Currently, WCS-Guatemala collaborates with CONAP, civil society and community institutions to promote the declaration of marine-coastal conservation areas that have been identified by the State as priorities.
Before I could think anything else, all the crew members of the boat piloted by Marroquín suddenly got up when we heard a cry of “There it is! With the emotion of seeing her already satiated during the first meeting, the goal was to immortalize this meeting with the best possible number of images.
The tail or a jump on the water (which is very unlikely to be a single whale). That was the longing. After three or four breaths, the boat was right behind her, about 100 meters away, as required by the regulations, and the much-desired photo (the photo that appears on the cover) was achieved.
At the beginning of the tourist activities to see whales, I remember that the posters of the tourist agencies sold “tours to watch whales”, but since at this point we already know that this is a lottery, the most sensible thing was to change it to whale watching, group of marine mammals that include, among others, dolphins and killer whales. This decision was very wise, because encountering groups of dolphins swimming happily is much more likely than encountering large humpback whales.
In a study published in 2021 in Frontiers in Marine Science, carried out by a group of biologists from Simmons University in Boston, United States, the University of Copenhagen, Denmark, and Semillas del Ocean, from Guatemala, revealed that the bottle (Tursiops truncatus) is the species that is most observed in the Guatemalan Pacific.
In the 38 months in which the study was carried out, the Guatemalan biologists made a total of 505 sightings, in which they managed to record a total of 64,678 cetaceans of nine species of Delphinidae. Of these, there are three common species, such as the aforementioned bottlenose dolphin, the spotted dolphin (Stenella attenuata) and the long-beaked dolphin (Stenella longirostris), which accounted for 90% of all sightings.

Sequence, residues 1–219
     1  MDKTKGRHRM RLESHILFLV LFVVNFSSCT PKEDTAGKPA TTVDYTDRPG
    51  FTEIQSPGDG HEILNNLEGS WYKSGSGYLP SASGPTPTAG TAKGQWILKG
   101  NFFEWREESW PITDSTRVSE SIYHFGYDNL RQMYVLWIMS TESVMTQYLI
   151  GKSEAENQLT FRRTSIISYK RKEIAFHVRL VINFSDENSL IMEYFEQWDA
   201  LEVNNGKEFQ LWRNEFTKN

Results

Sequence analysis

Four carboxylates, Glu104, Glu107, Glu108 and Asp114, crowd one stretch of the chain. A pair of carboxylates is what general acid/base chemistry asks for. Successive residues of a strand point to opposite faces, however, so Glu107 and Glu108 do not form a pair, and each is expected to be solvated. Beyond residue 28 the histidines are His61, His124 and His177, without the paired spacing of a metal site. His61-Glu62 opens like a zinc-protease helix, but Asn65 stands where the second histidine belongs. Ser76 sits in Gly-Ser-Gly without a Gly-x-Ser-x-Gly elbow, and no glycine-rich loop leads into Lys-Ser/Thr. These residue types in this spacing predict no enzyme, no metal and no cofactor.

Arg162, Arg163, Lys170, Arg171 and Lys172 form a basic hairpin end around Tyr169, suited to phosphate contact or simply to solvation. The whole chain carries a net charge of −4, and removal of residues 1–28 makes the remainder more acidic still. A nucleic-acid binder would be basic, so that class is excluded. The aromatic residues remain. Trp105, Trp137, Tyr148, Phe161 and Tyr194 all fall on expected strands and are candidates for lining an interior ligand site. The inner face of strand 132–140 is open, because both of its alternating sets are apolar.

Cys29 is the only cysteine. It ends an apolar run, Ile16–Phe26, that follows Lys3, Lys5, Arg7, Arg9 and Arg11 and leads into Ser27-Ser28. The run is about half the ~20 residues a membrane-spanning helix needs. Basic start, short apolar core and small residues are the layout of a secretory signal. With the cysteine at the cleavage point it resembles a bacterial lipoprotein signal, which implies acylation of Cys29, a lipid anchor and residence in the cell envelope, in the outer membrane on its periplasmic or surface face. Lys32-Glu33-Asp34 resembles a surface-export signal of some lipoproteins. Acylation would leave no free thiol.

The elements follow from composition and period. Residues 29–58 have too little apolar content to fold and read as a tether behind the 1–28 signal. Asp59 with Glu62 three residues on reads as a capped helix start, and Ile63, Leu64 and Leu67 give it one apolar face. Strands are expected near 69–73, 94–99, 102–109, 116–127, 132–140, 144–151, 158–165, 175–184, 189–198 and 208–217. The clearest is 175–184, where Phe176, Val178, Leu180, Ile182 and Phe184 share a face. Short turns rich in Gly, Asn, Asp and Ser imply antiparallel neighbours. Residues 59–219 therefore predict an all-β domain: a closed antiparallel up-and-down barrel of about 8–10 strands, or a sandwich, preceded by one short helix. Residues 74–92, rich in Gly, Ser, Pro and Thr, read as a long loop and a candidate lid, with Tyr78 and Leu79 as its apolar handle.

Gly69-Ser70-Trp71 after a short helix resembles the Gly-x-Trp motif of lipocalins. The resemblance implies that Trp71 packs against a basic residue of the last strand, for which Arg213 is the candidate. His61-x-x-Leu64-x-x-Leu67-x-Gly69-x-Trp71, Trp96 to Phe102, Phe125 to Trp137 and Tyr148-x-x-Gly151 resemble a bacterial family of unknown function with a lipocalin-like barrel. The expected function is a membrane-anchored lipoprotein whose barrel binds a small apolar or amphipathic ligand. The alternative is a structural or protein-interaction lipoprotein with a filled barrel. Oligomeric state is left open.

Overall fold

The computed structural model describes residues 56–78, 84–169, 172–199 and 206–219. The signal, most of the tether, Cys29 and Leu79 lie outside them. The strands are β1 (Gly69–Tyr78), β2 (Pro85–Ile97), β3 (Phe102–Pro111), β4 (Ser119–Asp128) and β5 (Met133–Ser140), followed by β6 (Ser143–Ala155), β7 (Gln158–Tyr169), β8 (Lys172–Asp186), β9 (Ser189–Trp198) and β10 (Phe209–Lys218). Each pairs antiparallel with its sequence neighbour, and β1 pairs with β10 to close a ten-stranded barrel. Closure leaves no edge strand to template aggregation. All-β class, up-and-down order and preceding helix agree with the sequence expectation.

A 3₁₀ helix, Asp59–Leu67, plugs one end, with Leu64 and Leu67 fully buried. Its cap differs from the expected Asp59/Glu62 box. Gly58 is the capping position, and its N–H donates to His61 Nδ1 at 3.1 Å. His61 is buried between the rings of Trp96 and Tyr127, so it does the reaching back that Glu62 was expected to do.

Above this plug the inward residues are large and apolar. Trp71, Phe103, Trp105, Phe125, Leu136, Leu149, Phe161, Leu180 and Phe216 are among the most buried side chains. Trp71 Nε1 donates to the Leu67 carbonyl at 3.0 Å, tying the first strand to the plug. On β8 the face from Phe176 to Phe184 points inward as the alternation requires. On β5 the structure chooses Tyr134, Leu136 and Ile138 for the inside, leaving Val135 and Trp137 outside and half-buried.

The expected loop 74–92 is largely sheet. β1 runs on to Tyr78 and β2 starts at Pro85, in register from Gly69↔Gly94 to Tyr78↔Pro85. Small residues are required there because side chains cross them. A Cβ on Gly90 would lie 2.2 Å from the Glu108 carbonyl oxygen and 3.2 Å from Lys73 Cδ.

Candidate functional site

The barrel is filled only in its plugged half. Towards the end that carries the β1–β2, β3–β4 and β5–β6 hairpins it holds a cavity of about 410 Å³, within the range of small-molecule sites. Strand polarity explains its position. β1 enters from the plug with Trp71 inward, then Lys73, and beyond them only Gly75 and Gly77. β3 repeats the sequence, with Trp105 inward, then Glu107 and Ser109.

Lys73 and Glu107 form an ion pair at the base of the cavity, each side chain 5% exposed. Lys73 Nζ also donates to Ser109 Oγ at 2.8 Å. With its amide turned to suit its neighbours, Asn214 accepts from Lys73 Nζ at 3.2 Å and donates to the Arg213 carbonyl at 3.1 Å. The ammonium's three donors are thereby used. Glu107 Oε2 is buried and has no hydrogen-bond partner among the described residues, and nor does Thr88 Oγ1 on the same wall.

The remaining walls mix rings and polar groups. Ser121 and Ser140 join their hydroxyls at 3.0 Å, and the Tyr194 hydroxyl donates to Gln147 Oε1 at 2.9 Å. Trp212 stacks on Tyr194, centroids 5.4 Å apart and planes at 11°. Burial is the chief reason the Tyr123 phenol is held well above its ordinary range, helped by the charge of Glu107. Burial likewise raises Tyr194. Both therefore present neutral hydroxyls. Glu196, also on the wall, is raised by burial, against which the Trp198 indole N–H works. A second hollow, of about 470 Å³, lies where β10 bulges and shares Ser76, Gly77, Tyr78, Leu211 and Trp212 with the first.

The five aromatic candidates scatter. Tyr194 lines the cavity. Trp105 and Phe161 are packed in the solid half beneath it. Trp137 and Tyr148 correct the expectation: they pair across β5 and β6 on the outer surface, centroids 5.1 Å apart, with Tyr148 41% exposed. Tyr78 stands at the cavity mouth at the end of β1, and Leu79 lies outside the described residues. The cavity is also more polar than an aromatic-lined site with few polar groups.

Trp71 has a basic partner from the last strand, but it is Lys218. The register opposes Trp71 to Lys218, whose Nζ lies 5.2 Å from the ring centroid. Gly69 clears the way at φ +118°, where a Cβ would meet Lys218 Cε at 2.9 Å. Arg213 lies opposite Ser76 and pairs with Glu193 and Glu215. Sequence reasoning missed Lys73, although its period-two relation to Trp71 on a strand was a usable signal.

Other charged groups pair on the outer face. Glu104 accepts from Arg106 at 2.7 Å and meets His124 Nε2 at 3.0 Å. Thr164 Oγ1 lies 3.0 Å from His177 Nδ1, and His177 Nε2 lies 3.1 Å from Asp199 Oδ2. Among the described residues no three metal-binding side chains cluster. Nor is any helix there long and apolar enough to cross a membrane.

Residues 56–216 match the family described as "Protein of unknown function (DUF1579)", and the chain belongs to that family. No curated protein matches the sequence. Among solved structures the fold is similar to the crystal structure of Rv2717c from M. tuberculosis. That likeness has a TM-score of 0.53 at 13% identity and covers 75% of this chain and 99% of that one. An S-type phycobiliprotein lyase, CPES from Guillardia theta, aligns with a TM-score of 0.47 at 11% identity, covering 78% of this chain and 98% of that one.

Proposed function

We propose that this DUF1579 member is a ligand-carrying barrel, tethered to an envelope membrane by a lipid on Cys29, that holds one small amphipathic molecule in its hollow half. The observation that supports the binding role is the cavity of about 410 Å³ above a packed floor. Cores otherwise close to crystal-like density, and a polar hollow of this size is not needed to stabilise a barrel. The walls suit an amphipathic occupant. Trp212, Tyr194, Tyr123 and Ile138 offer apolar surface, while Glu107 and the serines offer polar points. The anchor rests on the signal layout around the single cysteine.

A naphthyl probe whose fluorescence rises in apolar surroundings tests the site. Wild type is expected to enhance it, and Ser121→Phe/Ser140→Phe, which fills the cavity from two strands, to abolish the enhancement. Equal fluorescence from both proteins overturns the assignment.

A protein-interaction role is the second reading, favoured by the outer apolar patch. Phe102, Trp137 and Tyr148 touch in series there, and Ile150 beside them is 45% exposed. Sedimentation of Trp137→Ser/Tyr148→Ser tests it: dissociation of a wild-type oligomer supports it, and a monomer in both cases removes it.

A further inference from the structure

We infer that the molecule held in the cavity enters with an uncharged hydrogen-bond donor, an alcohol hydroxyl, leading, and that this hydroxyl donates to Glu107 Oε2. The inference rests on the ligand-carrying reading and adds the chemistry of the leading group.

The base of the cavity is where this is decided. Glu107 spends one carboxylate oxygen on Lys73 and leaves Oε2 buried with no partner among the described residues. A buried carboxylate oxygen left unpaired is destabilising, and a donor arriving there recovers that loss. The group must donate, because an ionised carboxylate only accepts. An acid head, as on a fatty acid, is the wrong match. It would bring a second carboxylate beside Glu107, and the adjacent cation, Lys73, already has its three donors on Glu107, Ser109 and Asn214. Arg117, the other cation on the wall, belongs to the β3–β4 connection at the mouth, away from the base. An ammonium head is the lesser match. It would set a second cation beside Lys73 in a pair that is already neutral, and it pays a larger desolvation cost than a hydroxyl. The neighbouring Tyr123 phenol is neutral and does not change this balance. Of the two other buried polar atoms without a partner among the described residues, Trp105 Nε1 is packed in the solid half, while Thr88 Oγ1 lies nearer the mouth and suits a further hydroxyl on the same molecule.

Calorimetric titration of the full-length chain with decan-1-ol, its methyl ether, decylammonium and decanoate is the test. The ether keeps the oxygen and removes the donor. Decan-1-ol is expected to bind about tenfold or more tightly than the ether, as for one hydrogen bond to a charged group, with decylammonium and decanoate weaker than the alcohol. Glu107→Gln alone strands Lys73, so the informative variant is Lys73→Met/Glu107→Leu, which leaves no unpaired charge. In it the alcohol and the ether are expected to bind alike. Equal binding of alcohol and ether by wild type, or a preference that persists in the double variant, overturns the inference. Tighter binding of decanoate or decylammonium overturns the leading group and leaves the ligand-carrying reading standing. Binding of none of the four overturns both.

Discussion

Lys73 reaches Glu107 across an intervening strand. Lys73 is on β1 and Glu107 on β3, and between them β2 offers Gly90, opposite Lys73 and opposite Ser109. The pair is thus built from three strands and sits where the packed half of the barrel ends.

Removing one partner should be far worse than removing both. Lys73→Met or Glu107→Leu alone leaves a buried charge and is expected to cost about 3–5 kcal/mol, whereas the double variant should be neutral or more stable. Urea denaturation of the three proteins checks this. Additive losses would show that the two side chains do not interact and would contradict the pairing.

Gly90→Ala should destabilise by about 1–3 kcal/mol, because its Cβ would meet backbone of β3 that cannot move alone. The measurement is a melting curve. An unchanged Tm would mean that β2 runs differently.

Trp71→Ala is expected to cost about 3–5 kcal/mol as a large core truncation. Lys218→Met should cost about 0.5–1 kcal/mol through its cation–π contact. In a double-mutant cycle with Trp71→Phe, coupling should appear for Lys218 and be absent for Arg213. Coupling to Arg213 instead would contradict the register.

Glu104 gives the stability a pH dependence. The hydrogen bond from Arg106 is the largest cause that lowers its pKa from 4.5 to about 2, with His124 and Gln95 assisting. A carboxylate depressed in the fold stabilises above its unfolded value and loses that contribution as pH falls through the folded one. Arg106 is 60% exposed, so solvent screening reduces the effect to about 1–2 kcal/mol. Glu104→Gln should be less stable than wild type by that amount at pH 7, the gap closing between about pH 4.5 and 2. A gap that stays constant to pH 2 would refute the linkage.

The study, carried out between January 2008 and June 2012, aimed to determine the number of dolphin species that inhabit the Pacific waters of Guatemala, their distribution area and the threats they face. And the greatest threats, such as contamination by solid, organic and chemical waste, overfishing and the lack of management plans for marine-coastal areas throughout the world.
In Guatemala, as has been evidenced in other activities such as the collection of turtle eggs or small-scale fisheries, such as manjúa, the big problem lies in the lack of reinforcement of existing laws and regulations, and the control and surveillance that the State must perform to avoid overexploitation of resources.
“Effective management of wild animal populations depends on a solid foundation of knowledge about their distribution and abundance.” Without this knowledge, it is impossible to determine when, where, how and, more importantly, where to carry out subsistence and economic benefit activities for the country.
In the country, there are a variety of international organizations, such as the aforementioned WCS-Guatemala and the UNDP, to which can be added the IUCN, the United States Agency for International Cooperation (USAID), and the Global Fund. for the Environment (GEF), to name a few, which invest large sums of money to create capacities in local development groups (COCODES), civil associations, municipal governments and state entities, with the aim of raising awareness about the importance of proper management of the country’s natural resources.